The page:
Consistency is the key to creating and maintaining a “Brand Image” for your business. But how can you stay consistent without guidelines for how to refer to your business in all of your content? Continue reading
This fall is all about the topic of branding for me. I had previously offered an online workshop, The No Time Guide to a Brand Style Guide, but I decided that I wanted to turn that online workshop into both an in-person workshop, as well as a book!
On 14 September 2018, from 10:00-noon, I will lead an in-person workshop called “Branding for Beginners” in Berlin, Germany. Full details can be found at this link.
My forthcoming book will also be called Branding for Beginners and will be based on the workshop and its easy-to-use template, which can be filled out step by step as you read the book. I’ve got all of the jacket blurbs from my beta readers, and I’ve made adjustments to the text based on their feedback. More details to come…
So that’s what’s been keeping me busy for the past several months. That, and a new part-time job as Head of Marketing for a Berlin-based nonprofit. Yes, one of the first things I did for them was to start creating a Brand Style Guide.
Sure, when Pinterest first started out it was used by lots of people to post recipes and crafting ideas. But that’s all changed now. If you haven’t checked the platform out lately, I bet you’d be surprised to see that Forbes, Wired, Small Business Trends, WeWork, and even Gary Vaynerchuk are all on it.
Before you roll your eyes and say “Oh no, not another social media channel I need to be posting on!” let me explain why I am on it, why I find it so valuable, why I don’t really spend a lot of time on it, and why you should not upload another blog post without making sure you have at least one Pinterest-ready graphic for it (even if you’re not on Pinterest!). Continue reading
I’ve gotten some great recommendations for new podcasts to listen to over the past few months, so you’ll see those appear alongside some of my favorites that I’ve written about in the past. Here are my takeaways from two podcasts that I recently found very useful.
The Art of Charm, #583 – Impostor Syndrome
In this episode, AJ and Jordan Harbinger discussed Impostor Syndrome, its triggers, and ways you can battle it. For those who are not familiar with the term Impostor Syndrome, it’s when a person feels like they don’t deserve the successes they experience. They feel like an “impostor,” and that they’ve somehow fooled people into believing they are competent and successful. Continue reading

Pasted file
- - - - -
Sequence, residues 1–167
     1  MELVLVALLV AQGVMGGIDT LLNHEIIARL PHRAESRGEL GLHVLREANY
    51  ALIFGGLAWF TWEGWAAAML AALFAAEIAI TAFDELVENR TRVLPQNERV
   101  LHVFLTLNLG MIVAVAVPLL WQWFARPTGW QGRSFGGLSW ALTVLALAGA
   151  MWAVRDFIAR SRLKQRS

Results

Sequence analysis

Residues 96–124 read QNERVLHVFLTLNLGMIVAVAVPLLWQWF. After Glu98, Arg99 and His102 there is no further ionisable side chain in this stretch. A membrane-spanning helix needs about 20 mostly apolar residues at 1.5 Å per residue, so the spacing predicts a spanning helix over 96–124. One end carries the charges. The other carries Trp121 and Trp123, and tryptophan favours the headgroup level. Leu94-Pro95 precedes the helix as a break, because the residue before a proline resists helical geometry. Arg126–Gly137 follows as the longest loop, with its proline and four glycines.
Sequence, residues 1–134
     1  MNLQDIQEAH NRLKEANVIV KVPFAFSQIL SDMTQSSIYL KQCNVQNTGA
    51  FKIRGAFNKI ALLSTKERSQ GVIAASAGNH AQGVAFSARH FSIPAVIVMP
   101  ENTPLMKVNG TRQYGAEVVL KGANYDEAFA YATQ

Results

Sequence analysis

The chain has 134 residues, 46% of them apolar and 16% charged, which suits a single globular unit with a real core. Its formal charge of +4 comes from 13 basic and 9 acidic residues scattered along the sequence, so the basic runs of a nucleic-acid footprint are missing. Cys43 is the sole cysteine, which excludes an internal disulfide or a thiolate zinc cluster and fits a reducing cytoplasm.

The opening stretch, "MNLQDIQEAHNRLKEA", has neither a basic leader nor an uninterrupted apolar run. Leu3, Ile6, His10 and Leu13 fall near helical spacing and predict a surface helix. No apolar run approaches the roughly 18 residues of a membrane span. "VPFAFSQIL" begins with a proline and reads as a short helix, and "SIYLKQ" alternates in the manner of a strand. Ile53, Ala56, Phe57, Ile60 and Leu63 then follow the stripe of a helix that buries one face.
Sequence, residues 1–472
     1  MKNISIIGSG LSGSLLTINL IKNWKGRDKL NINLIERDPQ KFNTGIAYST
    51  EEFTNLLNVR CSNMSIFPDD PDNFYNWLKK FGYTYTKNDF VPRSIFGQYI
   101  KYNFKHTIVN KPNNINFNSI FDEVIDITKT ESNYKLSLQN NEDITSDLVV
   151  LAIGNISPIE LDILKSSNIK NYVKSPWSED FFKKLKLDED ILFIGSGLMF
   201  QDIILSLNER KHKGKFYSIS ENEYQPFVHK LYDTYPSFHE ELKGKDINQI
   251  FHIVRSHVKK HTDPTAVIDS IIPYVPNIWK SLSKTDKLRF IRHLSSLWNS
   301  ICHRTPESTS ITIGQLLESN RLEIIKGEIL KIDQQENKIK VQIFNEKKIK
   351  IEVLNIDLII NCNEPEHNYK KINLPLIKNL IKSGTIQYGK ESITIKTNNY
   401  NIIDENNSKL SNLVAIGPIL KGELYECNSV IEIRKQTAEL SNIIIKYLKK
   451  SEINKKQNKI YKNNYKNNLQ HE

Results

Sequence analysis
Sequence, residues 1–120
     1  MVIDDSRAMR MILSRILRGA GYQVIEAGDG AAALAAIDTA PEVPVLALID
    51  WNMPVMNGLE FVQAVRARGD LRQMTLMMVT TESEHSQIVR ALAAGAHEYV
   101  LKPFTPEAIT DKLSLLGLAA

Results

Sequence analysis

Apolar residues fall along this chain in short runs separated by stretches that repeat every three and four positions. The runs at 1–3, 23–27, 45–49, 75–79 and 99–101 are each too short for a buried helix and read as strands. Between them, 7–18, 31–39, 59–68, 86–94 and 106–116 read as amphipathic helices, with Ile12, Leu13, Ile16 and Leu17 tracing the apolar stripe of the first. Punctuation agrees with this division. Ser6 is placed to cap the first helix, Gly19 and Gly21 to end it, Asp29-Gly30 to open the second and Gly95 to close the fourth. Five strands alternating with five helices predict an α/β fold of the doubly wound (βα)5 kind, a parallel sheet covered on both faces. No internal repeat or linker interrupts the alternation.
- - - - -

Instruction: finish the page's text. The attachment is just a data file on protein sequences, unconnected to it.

Some businesses operate year-round, but have a predictable “slow season,” while other businesses have a season (or, at least a month or two) when their business has very little client work at all. Some potential examples of the latter are landscapers, exterior painters, swimming pool cleaners, etc.
With spring on the way in the Northern Hemisphere, thoughts turn to spring cleaning – indoors and outdoors. Some folks will busy themselves doing a thorough cleaning inside their house or apartment, while others will head outdoors and work on their gardens and yards.
I’ve written before about the importance of re-sharing old blog posts to make sure you get enough mileage out of them. Of course, it’s a waste to work hard on something for several hours – or even days – and then forget about it once it’s been posted.
However, it’s important to remember that you can’t just repost links to your old blog posts without rereading them. Sometimes a typo will be missed in the initial post that you’ll be better able to catch after several weeks or months.
Aside from typos, here are four other things you should look for before re-sharing that old blog post. Continue reading
I’ve been thinking a lot lately about Expectation Escalation. Sometimes, we have to go above-and-beyond the usual amount we accomplish in one day. That’s natural. But just the mere fact that we could do it one day can sometimes lead to the expectation that you can always operate at that level. It’s like being able to sprint fast for 50 meters, and then having everyone expect you to run that fast all the time.
On my weekly calendar, I write down what I want to accomplish each week. Then, I break it down by day to fit those tasks in with my daily client work. Some days, I accomplish everything on the To-Do list and then have time to spare. Some days, I add to the To-Do list, figuring I must not have done enough, or I was too easy on myself. Continue reading